Yesterday, the privacy-focused /e/ mobile ecosystem that we have been developing for one year, has been covered at InfoSec Handbook, with a focus on privacy concerns and on the actual “de-googlisation” of the system.
The author raised some concerns, and concluded that “While /e/ looks promising, it isn’t Google-free by now.”
I’m very pleased that some security and privacy experts are starting to have a close look at /e/, and are challenging what we are doing: it’s extremely useful for us to learn about how the project is considered by experts. It’s also super-helpful because, it’s raising the bar of expectations and therefore encouraging us to do better and to improve the product.
However, I felt that, even if /e/ is still beta software and therefore not perfect yet, it was important to answer some of the concerns raised in this article, and to elaborate about our status, goals & roadmap.
“Its members must pay an annual fee.””
While I’m not certain about what the author means here, it’s important for me to remind that:
“In summary, installing /e/ is as easy as installing LineageOS. You do not need an /e/ account as stated in their requirements.”
There is no such requirement of using an /e/ account to install the ROM on our website:
“Optionnal: It is recommended that you have an /e/ account (like: [email protected]) if you want to benefit from /e/ account integration for all online services such as: email, drive, calendar, notes, tasks. In order to get a test /e/ account, please read instructions here.”
“However, some people may not like Signal and Telegram preinstalled on their phone regardless of whether they use it.”
Absolutely. And that’s the reason why:
“We monitored all data connections of /e/ after restarting the phone. First of all, /e/ knocks on Google’s door by using its connectivity check:”
As it’s stated next in the article, this issue was reported on our Gitlab (#146), along with DNS issues.
Of course, this is something that we want to fix before we release /e/ v1.0.
“Other users report that /e/ uses Google’s DNS servers (e.g. 184.108.40.206) by default.”
This is not true: we have done a comprehensive review of the source code, and in particular of Bionic, the Android’s custom libc.
Otherwise, DNS servers are set by the network’s provider using DHCP and could only be enforced using WiFi access.
So we have developed and recently introduced a feature to let users enforce their DNS settings if they wish so:
“The settings allow you to set a default DNS resolver (Settings → Wireless & networks → More → DNS → disable “Use network DNS” → Set DNS to use). We tried this but the router enforces the DNS resolver of the network.”
It’s working though, unless we have a bug somewhere, or unless the router is rewriting DNS requests. We will check again to ensure that this new feature is working as expected.
“Moreover, there is TLS 1.2-encrypted traffic from/to www.google.com, gstaticadssl.l.google.com, googleadapis.l.google.com, and www3.l.google.com via IPv4/IPv6.”
Thanks for reporting this, we will have a look, it needs to be fixed.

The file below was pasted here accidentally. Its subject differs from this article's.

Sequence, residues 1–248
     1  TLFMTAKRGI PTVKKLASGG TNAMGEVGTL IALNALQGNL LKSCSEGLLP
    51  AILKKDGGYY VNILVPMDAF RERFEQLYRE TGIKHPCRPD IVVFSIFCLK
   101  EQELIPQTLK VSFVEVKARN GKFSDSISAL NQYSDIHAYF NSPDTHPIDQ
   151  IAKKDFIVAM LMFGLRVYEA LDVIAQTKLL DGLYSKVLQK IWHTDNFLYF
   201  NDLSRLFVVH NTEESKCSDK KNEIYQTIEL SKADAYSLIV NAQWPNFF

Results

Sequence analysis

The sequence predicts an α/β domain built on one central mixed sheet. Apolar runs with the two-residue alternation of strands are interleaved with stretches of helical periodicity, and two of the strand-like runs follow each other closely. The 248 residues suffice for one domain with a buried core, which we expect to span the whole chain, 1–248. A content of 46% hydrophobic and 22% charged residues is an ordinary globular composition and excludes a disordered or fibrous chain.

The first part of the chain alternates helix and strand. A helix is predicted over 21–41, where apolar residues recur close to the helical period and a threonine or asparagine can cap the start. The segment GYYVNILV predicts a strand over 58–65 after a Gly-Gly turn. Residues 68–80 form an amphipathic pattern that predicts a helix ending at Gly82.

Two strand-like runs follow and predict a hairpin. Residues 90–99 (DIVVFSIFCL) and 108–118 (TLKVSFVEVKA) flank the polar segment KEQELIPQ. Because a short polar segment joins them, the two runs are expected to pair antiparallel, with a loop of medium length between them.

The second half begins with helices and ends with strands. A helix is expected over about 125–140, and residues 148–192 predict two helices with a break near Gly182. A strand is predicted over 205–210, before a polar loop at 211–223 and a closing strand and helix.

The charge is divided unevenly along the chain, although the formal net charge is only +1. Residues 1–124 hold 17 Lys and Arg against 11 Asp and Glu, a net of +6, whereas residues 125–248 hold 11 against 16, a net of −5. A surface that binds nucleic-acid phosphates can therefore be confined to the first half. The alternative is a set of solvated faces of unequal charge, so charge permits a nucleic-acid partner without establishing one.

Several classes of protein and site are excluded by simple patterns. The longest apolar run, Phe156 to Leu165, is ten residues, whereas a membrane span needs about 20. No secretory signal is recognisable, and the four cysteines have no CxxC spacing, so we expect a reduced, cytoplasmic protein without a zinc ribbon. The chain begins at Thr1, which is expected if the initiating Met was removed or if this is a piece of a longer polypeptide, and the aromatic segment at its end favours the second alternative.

“NTP synchronization results in many different domain names that learn about your IP address”
This is something probably not extremely challenging in term of user’s data privacy protection and at least it doesn’t go to Google.
Actually maybe we should sort out the list of NTP servers and keep only “trusted ones”, if this exists. And/or add some /e/ NTP servers.
“In summary, the weather app leaks your IP address, the identity of your device, and maybe your location (city name, GPS coordinates). All is sent in cleartext.”
The weather app will be improved, to use HTTPS and remove user-agent. However, it’s clear that it will keep on sending GPS coordinates to OpenWeatherMaps (this is not Google byt the way). Otherwise, there can’t be a weather service based on current location.
Note that sending geolocation can be disabled in settings:
“So, it remains unclear what kind of information is sent/received to/from General Magic in cleartext.”
MagicEarth provided us a quite comprehensive document regarding privacy, and we are working with them to improve this aspect. We will discuss with them the issue with unencrypted traffic.
We are aware of several issues with some of the CMS we’re using on our websites, in particular with Wordpress.
What’s important to understand here is that the promise of the /e/ project is to provide an mobile ecosystem, ROM + basic online services, that are much more respectful of user’s data privacy. And the first step for this is to “un-google” as much as possible.
Therefore, we are focusing on the product:
The main issues we have is with the CMS that we are using (Wordpress) for e.foundation, because it’s unsure that they really care about data privacy. So even if this aspect is out of the project scope in term of promise, if this is not improving, we will probably move to another CMS.
“We already reached out to /e/ Foundation regarding their usage of Google fonts in January, however, we didn’t get an answer so far.”
This is linked with the previous point, and it was discussed publicly.
We think that if /e/ is not perfect yet in term of user’s data privacy protection, we are on the good way. Of course we will continue to work hard to make it still better and better. And probably that /e/ is already the most advanced general-purpose mobile ecosystem in term of “ungooglisation” and in term of protection user’s data privacy protection:
We will list all the remaining concerns on our website, so that users know about the current status.
However, I’d like to thank you again InfoSec Handbook and the author of the article for the comprehensive review and the very valuable feedback about /e/.
Gaël Duval, /e/ Founder.
PS readers might be interested in learning more about /e/:
The three founding articles:
Create your free account to unlock your custom reading experience.